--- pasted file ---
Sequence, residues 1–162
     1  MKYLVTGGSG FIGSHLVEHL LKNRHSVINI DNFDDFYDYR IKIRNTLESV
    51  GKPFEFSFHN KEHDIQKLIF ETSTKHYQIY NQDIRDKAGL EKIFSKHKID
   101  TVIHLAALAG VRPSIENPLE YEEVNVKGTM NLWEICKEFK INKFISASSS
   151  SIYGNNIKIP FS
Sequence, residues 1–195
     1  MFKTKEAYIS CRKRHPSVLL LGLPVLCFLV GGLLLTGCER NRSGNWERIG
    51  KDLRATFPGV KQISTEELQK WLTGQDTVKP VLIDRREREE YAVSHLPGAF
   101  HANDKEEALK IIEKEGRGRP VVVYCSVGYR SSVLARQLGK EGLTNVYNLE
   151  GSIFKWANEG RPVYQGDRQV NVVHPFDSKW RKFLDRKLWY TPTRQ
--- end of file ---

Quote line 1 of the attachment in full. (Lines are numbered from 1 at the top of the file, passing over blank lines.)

Sequence, residues 1–162